‘Mercosur consensus falling apart’ – ICSA

The “consensus in favour of a Mercosur deal” around Europe is “starting to fall apart”, according to the Irish Cattle and Sheep Farmers’ Association (ICSA).

Edmond Phelan, the association’s president, was reacting to the news that the parliament of Austria had recently voted to oppose the deal.

Phelan said that the vote was significant in light of the fact that Austria is not a major exporter of beef, and “was not one of the more vociferous opponents of the deal”, suggesting that the deal might also hit stumbling blocks in countries were opposition to the trade agreement has been stronger.

It seems that there is increasing unease that the costs outweigh the benefits, particularly on environmental grounds. In simple terms, Mercosur means more cars sold to South America in return for more beef shipped to Europe, even though our markets are already saturated.

“In particular, the less sustainable South American beef will displace much more sustainable Irish beef at a huge cost to rural communities in Ireland,” the ICSA president said.

Phelan also claimed that “from an EU perspective, it is becoming increasingly clear that the Brazilians cannot be trusted to look after the Amazon rainforest and therefore, the EU is potentially culpable for rainforest destruction”.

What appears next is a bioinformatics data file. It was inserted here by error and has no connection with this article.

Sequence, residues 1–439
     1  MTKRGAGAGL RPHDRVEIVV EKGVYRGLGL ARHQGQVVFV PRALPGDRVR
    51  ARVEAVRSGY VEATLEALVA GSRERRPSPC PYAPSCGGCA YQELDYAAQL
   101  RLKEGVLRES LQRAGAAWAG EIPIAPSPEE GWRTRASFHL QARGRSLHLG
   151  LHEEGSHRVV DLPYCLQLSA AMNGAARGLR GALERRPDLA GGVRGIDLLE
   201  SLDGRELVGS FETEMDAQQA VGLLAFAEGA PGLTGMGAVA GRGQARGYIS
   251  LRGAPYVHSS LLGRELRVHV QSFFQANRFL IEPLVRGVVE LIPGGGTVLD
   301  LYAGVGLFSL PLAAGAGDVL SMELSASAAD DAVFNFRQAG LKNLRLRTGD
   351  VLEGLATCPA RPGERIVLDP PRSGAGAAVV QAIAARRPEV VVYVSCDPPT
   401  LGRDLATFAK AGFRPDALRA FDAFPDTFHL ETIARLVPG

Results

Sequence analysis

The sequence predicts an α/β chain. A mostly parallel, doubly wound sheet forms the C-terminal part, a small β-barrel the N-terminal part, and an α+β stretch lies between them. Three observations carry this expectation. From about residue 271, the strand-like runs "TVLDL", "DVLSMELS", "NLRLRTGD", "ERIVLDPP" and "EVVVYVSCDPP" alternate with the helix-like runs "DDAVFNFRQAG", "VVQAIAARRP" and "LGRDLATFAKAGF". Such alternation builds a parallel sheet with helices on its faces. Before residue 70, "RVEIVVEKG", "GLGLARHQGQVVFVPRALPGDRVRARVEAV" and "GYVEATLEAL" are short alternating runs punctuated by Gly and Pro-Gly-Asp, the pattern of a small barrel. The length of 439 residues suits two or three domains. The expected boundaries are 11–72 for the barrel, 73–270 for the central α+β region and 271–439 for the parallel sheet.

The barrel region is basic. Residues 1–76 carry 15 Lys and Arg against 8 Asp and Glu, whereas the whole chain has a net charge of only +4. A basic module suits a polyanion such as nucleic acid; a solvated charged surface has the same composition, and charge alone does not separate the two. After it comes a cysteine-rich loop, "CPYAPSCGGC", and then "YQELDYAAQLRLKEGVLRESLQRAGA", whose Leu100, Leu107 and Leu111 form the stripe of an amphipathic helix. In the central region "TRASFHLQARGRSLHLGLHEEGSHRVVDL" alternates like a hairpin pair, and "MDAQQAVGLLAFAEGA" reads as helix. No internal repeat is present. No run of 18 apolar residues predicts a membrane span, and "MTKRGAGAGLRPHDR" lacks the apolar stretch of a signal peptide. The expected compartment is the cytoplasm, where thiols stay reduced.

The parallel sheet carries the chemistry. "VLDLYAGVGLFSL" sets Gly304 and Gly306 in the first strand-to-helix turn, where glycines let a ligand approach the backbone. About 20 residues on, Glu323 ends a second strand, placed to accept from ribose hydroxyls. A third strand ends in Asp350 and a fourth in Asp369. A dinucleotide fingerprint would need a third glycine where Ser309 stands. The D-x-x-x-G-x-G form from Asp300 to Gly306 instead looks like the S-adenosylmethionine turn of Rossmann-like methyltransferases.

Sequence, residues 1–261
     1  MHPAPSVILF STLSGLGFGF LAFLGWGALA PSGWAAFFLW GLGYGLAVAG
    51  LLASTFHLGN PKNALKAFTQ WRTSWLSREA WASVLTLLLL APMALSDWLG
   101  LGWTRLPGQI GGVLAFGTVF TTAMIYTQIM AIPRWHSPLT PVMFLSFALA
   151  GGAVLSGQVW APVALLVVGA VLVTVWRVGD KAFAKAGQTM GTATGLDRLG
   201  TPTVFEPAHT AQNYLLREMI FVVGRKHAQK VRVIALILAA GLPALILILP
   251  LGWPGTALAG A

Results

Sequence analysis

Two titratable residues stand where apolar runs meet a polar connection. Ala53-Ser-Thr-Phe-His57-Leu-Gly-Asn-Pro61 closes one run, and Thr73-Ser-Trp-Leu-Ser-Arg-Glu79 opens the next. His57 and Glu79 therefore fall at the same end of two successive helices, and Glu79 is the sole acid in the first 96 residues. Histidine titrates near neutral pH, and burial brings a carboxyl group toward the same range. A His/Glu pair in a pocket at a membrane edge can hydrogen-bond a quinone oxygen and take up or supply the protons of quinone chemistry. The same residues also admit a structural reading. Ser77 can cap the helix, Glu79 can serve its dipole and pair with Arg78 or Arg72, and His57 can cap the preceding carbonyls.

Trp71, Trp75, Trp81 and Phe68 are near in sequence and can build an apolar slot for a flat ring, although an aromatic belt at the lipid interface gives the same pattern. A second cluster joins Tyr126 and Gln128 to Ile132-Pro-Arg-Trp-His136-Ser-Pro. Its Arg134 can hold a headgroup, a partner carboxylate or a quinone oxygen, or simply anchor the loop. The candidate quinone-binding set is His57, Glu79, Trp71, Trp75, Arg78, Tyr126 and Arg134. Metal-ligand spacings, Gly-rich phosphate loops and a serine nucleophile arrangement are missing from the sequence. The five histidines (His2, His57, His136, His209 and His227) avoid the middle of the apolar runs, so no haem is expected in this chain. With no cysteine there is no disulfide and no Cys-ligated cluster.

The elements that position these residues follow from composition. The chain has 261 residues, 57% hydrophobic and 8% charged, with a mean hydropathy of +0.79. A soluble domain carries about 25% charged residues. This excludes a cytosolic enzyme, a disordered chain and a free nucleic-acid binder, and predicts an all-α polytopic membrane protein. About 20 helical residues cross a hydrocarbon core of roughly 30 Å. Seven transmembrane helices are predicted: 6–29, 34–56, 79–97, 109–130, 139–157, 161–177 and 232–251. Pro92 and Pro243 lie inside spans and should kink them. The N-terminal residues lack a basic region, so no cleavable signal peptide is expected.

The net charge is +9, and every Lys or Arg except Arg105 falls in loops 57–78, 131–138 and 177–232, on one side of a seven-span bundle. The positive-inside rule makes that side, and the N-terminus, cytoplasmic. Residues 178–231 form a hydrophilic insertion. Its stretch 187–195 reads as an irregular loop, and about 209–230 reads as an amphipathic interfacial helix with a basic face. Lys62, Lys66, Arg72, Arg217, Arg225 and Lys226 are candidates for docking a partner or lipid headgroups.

Phelan argued that, if the deal is eventually ratified and goes through, then the EU will “loose all moral authority to be a leader on climate change”.

The EU cannot expect European farmers to cut back for reasons of climate change while encouraging the expansion of Brazilian beef.

Phelan concluded his comments by remarking: “ICSA is now calling on the Taoiseach to remove all ambiguity from his recent statements on Mercosur and make a clear statement that Ireland will not support this deal, which has already been shown to be a disaster from the perspective of rural Ireland.”

The Taoiseach was at the 2019 National Ploughing Championships yesterday, Thursday, September 19, where he said: “If we see the kind of behaviour we’ve seen in Brazil in terms of the rainforests in the last few months, the deal is off.”

Leo Varadkar was speaking to Joe Healy, the president of the Irish Farmers’ Association (IFA) yesterday.

The Taoiseach added: “[Other European countries] are totally of the view that South American countries have to do all that we’re doing on climate change, and also we have to have the same standards in terms of traceabilty, quality, all of those things.”

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